ROME — Italian Premier Mario Draghi is presenting a 222.1 billion euro ($268.6 billion) coronavirus recovery plan to Parliament on Monday, aiming to not only bounce back from the pandemic but enact “epochal” reforms to address structural problems that long predated COVID-19.
Italy has the biggest share of the EU’s 750 billion euro ($907 billion) recovery pot, with 191.5 billion euros ($231.6 billion) of its six-year plan financed by EU funds. Draghi, the former European Central Bank chief, was put in the premier’s office specifically to make sure the money isn’t wasted since Italy has long had one of the worst records in the EU of making use of available funds.
The plan is heavy on investments to modernize and digitize Italy’s economy and bureaucracy and encourage environmentally sustainable development. Both are directed particularly at the all-important tourism industry — think Venice, the Colosseum and Amalfi coast resorts — which accounts for 13 per cent of Italy’s gross domestic product and was devastated by pandemic-related closures.
Employment options for women and young people are prioritized, given youth unemployment tops 30 per cent and Italy has long ranked at the bottom of the EU in terms of the percentage of women in the workforce. Women accounted for more than half the 456,000 jobs lost in Italy last year.
Here’s a look at Italy’s plans, which were announced on the same day that most of the country began emerging from its latest coronavirus lockdown, with museums reopening and restaurants and bars open for outdoor service.
DIGITAL TRANSFORMATION and EMPLOYMENT
About 27 per cent of the plan is directed at digital transformation of the Italian economy and public administration, broadening access to high-speed internet service, especially in schools, and providing incentives to the private sector to digitize.
Around 22.4 billion euros ($27 billion) are aimed at “social inclusion” investments and programs to boost training and employment opportunities for women and help cities improve access and opportunities for disabled people. The aim of both, coupled with increased day care spots, is to remove obstacles that have traditionally kept Italian women at home caring for the young, old, sick and disabled.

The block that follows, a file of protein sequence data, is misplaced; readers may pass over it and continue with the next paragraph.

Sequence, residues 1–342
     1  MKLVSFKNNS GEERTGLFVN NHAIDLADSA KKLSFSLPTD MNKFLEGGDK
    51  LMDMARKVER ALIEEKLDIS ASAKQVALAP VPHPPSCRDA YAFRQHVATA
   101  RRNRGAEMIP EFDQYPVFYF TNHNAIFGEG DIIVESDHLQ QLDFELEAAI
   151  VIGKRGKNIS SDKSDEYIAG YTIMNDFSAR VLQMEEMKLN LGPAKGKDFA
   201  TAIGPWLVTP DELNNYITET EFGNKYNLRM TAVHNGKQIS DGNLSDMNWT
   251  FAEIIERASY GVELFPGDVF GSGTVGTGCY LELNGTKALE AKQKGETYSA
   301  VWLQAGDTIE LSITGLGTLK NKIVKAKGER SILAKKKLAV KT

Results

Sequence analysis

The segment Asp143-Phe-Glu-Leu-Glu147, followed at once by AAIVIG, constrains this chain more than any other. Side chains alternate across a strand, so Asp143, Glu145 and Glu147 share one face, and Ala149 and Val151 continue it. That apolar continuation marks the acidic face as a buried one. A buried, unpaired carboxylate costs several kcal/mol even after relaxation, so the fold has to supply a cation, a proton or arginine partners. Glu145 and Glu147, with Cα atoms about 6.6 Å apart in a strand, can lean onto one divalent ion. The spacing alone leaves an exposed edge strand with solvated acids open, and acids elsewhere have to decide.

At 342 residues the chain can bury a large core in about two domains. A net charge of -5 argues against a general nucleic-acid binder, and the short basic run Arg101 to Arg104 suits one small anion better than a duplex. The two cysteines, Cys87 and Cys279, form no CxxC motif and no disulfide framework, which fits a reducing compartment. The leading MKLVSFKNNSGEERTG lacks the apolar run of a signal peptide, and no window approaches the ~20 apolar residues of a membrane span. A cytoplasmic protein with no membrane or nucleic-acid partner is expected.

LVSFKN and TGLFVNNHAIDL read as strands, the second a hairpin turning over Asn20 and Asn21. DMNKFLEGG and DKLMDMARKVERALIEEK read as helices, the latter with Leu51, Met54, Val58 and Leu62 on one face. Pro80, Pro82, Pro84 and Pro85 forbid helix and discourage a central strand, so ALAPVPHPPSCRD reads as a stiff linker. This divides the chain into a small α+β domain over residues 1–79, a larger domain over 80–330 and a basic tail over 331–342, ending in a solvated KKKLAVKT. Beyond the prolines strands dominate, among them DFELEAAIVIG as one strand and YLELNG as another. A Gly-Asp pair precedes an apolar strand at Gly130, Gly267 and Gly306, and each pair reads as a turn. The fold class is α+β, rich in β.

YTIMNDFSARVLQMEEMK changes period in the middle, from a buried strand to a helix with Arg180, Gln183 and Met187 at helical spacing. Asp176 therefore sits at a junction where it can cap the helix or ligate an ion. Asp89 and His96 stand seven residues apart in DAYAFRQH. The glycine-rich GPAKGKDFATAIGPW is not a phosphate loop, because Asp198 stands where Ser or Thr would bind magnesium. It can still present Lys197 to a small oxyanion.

The plan envisages the Italian economy, which shrank 8.8 per cent last year, will grow 3.6 percentage points beyond base forecasts in 2026 and that its employment rate will grow 3.2 percentage points.
The EU required that at least 37 per cent of its funds be directed toward climate-related investments, part of the bloc’s aim for a cut of 55 per cent of greenhouse gases by 2030 and carbon neutrality by 2050.
Italy’s plan is directing 40 per cent overall, or 68.6 billion euros ($82.9 billion), to green-related investments and initiatives: boosting recycling, overhauling public transport systems to favour low-emission vehicles, and reducing water waste through improvements to waterways.
The plan calls for some 31.4 billion euros ($37.9 billion) in transportation infrastructure improvements and extending high-speed rail lines across the peninsula, especially in the underserved south.
EDUCATION AND RESEARCH
Among other things, the plan aims to create 152,000 more day care spots for babies and 76,000 for preschoolers, addressing a structural shortage that has long dissuaded parents from having children and women from working.
Other destinations for the 31.9 billion euro ($38.5 billion) investment in education and research is to spiff up dilapidated school buildings and get them better wired, and revamp the higher-education curriculum to encourage more students to pursue higher degrees.
Italy has long been beset by brain drain, with its brightest students pursuing advanced degrees and jobs abroad, and not coming back.
The structural weakness of Italy’s national health system was on full display during the pandemic, when hospitals in northern Lombardy were overwhelmed and general practitioners were largely left on their own to care for sick patients as Italy became the epicenter of Europe’s outbreak.
The 18.5 billion euro ($22.3 billion) investment in health care aims to reinforce in particular the general medicine and preventive care provided at the local level, with a strengthening of home care and telemedicine. Digital infrastructure improvements aim to improve data analysis.
Italy’s lethargic justice system and cumbersome bureaucracy have long been accused of discouraging foreign investment, since lawsuits and criminal trials can last for years and securing permissions to do just about anything can take a similarly long time.
The justice system reform aims to reduce the backlog of court files with temporary hires, while revising norms and procedures to encourage more recourse to mediation.
Other reforms are focused on modernizing Italy’s old and outdated public administration, aiming to increase turnover to get more young people hired, digitize systems, simplify procedures for permits and boost competition particularly in public services and utilities.